These two issues, quality schools and financially sustainable pensions, represent the wedge that could eventually roll back, if not break the power of public-sector unions. Everyone cares about public schools, because their success or failure governs our children’s future. Everyone cares about public employee pensions, or will care, because if they aren’t reformed, they will bankrupt our cities, counties and states. The primary reason public schools are underperforming, and the primary reason public-sector pensions are not reformed, is because public-sector unions fight reform at every turn.
But all their power cannot deceive voters forever. Change is coming.
In June 2018, in the landmark case of Janus v. AFSCME, the U.S. Supreme Court ruled that public sector employees cannot be compelled to pay anything to unions as a condition of employment, not even the so-called agency fees. In the months leading up to this case, public-sector unions made Janusout to be a catastrophe in the making, fueled by “dark money” and poised to destroy the labor movement.
In the months prior to the Janus decision, the mainstream press played up the panic. The Economist reported that “Unions are confronted with an existential threat.” The Atlantic went with “Is This the End of Public-Sector Unions in America?” Even the Wall Street Journal was caught up in the drama, publishing a report with the ominous title “Supreme Court to Decide Fate of public-sector unions.”
Maybe some union officials actually thought an unfavorable Janus ruling would destroy their organizations, but more likely, they saw it as an opportunity to rally their base and consolidate their power.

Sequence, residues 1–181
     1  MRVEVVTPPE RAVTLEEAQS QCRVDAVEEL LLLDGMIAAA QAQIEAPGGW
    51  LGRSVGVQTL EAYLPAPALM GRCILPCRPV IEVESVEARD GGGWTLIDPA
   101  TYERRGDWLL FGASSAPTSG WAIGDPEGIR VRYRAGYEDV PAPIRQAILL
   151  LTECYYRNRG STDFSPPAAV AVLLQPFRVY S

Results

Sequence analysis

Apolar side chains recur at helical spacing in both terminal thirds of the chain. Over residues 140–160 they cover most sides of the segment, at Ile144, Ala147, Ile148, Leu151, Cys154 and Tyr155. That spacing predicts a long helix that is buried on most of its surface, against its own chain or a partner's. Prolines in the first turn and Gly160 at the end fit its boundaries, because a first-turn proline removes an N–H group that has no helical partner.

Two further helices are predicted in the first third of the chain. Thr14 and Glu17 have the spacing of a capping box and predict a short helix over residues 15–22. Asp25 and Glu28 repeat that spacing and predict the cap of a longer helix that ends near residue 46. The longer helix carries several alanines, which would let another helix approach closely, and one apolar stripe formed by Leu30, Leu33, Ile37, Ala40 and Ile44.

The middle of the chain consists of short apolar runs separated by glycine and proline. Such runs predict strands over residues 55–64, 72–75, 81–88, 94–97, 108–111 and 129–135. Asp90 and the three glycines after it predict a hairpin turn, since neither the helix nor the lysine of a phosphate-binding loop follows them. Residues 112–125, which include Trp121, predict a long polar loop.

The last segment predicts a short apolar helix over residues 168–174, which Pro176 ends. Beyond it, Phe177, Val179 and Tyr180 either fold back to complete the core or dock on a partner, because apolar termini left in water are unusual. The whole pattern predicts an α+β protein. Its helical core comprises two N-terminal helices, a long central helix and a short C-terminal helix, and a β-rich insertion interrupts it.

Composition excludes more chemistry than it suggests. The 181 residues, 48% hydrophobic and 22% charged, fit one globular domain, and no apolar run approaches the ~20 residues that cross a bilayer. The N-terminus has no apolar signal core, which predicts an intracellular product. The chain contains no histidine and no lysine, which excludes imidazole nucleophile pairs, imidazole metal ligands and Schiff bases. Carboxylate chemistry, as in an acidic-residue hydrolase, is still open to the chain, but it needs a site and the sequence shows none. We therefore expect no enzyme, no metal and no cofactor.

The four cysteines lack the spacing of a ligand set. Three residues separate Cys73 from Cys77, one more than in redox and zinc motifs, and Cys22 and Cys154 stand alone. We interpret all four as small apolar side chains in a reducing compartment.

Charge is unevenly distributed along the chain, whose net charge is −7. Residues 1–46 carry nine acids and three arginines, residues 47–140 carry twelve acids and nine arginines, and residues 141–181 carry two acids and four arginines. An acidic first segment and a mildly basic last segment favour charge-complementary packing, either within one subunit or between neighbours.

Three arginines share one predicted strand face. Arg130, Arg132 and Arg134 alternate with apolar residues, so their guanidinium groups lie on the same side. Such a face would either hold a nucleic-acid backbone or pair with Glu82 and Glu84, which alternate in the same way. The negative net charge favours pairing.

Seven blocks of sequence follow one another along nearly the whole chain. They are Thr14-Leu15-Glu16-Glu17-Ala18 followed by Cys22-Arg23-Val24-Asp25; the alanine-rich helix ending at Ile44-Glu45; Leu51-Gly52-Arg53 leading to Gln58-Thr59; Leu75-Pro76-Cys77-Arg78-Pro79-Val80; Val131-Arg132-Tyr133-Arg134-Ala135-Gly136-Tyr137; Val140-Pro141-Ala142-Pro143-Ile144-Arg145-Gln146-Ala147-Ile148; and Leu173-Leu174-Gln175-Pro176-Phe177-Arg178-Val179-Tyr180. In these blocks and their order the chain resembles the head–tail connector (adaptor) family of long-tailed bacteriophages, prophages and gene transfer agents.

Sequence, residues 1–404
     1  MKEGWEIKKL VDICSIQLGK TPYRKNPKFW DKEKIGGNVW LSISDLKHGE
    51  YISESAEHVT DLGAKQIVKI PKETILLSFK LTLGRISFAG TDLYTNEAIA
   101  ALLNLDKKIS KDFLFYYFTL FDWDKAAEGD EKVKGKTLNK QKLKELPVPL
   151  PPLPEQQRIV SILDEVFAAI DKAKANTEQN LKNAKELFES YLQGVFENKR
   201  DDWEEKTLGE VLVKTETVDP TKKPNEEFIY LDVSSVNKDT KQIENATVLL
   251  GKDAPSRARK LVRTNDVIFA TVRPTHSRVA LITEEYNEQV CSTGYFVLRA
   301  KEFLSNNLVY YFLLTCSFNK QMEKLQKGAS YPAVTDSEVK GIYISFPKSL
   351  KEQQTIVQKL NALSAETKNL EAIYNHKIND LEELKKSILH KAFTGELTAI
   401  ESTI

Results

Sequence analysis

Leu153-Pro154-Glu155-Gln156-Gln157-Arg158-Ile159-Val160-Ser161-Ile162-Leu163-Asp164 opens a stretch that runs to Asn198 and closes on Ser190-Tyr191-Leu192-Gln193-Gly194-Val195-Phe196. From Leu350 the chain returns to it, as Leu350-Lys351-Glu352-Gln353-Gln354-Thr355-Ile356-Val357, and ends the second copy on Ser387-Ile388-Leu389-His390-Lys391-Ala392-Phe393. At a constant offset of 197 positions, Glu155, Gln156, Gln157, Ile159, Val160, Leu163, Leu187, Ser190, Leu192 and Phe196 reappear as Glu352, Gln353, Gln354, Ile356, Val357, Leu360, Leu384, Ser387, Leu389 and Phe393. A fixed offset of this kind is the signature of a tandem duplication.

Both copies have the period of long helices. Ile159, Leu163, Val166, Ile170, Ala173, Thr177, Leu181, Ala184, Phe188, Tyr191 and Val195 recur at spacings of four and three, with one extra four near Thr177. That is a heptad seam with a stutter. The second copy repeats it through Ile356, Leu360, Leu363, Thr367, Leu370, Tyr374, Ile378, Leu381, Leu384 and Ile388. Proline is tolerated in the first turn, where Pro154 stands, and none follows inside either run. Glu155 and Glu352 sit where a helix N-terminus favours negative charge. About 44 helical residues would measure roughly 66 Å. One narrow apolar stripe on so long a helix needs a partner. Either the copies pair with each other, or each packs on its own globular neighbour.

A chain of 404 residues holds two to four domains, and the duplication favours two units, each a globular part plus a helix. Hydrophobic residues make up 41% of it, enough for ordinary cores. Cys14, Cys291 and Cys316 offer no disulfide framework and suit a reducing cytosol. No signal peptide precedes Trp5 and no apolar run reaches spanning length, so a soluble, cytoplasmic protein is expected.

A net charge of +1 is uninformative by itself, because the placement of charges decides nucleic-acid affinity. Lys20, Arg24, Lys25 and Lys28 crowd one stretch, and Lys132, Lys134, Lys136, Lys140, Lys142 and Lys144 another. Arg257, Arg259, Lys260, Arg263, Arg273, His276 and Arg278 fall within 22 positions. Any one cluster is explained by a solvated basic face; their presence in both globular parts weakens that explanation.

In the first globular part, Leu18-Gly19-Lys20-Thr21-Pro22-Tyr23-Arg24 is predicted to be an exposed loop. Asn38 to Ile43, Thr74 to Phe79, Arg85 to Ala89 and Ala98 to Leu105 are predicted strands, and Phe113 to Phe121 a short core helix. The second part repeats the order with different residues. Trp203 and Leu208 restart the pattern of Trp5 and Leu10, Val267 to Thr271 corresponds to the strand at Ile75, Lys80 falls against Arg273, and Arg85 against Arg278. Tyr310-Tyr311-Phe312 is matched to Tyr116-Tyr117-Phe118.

The Janus ruling has come and gone, but public-sector unions are as powerful as ever. In ultra-blue states such as California, they still exercise nearly absolute control over the state legislature, along with the city councils and county boards of supervisors in nearly every major city and county. Their control over school boards is also almost absolute.
This pattern repeats itself across the United States, especially in ultra-blue states. For example, following the 2018 midterms, fourteen states had democratic “trifectas,” where Democrats controlled both houses of the state legislature, plus the governorship. These would include the powerhouse states of California, New York, New Jersey, Massachusetts, and Illinois, along with Washington, Oregon, Nevada, Colorado, New Mexico, Maine, Rhode Island, Connecticut, and Delaware. These states have one overwhelming political variable working in their favor—the politics of their major urban centers are dominated by public-sector unions.